An additional R16.3 billion has been allocated for higher education over the next three years. R5.7 billion of this addresses the shortfall caused by keeping fees for the 2016 academic year at 2015 levels, and the carry-through costs over the MTEF period. R2.5 billion goes to the National Student Financial Aid Scheme to clear outstanding student debt, along with a further R8 billion over the medium term to enable current students to complete their studies.

But this R5.4 billion additional funding is tokenistic compared to the R35 billion a year that even the neoliberal Democratic Alliance has advocated. As even that party pointed out, [the Ministerial Committee] found that South Africa’s budget for universities as a percentage of GDP was only 0.75%, lower than the Africa-wide proportion of 0.78%, the world-wide proportion of 0.84% and the proportion spent by Organization for Economic Cooperation and Development countries of 1.21%.

“The report also noted that between 2000 and 2010, state funding per full-time equivalent student fell by 1.1% annually in real terms, while fees per each of these students increased by 2.5% annually in the same period…” (Democratic Alliance, Oct 2015)

The minister announced the tabling of the draft Revenue Laws Amendment Bill, which is intended to postpone by two years the compulsory annuitisation of provident funds. As Numsa has previously indicated this is too late as the Taxation Laws Amendment Act is scheduled to be implemented in less than a week on 1 March. Furthermore this belated bill will not address constitutional problems in the original act as it was incorrectly processed as a money bill.

The budget is presented within a context of threats of further investment ratings downgrades for the country by international credit ratings agencies, and makes the admission that debt-service costs are the “fastest growing category of spending”, with an annual increase of 11.4% over the medium term.

The bulk of this is drawn from foreign funding sources, which leaves us at the mercy of volatile exchange rate fluctuations and foreign interest rates that slavishly respond to the tyranny of credit ratings agencies, thereby increasing debt servicing costs. The time has come to consider local sources of financing.

The Public Investment Corporation (PIC), for example, controls assets worth over R1, 8 trillion, the bulk of which is composed of the Government Employee Pension Fund (GEPF), and much of which is ironically invested in foreign financial markets.

One of the worst aspects of the budget speech, however, is Gordhan’s frequent references to what he insisted is not “privatisation”, but in reality is. For example he says: “We must broaden the range and scope of our co-funding partnerships with private sector investors. This requires an appropriate framework to govern concession agreements and associated debt and equity instruments, and appropriate regulation of the market structure”.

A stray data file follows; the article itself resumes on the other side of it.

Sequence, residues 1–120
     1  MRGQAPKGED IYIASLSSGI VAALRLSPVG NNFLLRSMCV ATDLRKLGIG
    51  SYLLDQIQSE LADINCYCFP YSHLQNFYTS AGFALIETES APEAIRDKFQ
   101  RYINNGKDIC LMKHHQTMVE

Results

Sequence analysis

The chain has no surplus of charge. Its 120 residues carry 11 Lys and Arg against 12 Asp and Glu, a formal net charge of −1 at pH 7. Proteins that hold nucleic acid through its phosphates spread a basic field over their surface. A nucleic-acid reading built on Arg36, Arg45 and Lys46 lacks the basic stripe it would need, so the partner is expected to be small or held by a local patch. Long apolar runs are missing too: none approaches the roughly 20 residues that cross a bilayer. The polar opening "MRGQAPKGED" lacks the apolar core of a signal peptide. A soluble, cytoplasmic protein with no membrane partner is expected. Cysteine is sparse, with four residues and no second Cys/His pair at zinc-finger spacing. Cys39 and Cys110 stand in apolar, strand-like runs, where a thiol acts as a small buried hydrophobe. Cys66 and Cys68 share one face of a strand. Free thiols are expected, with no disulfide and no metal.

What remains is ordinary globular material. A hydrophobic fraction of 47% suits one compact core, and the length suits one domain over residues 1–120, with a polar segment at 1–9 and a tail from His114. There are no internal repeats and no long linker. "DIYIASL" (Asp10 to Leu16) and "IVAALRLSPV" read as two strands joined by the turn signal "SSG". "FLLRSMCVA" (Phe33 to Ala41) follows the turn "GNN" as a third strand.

He reported that Minister Brown is in discussion with Transnet’s leadership on measures to accelerate private sector participation in the ports and freight rail sector. The Budget Review also says government is looking at “strategic partnerships” to allow SAA “to draw on private sector capital and technical expertise to improve its performance and expand its network”.

“The recent tremors felt by emerging markets,” he said, “are a warning that we need to take corrective steps urgently or we will be worse off. At the same time, we need to move forward to mobilise the resources and capacity of all our people, large and small enterprises, civil society organisations and public-private partnerships.”

As the Daily Maverick correctly concluded minutes after the speech, “Gordhan puts state-owned companies on notice”.
Numsa notes with concern that special economic zones and employment-intensive sectors with export potential have been prioritised for support by the Industrial Development Corporation (IDC). This is however happening at a time when IDC has refused to fund or to buy Evraz Highveld Steel, a plant that employees about 18 000 workers.

If it closes the whole of Emalahleni in Mpumalanga would become a ghost town like many towns which are victims of deindustrialisation. Why will this government throw money to IDC, which has been spending billions on green field projects for years, but won’t spend money to save so many jobs? If this capacity is destroyed it will never come back?

Numsa demands the following immediate steps:

1. The Numsa ANC government must nationalise Evraz Highveld Steel or, through the IDC, they must buy it for R150 Million – a drop in the ocean in comparison to splashing billions to green fields and to so-called black industrialists.

2. Numsa calls on the black industrialists who are now swimming in no less than R23 billion to invest their free allocated money in buying this company, as we are completely uninformed as to what they will be investing this huge allocation on.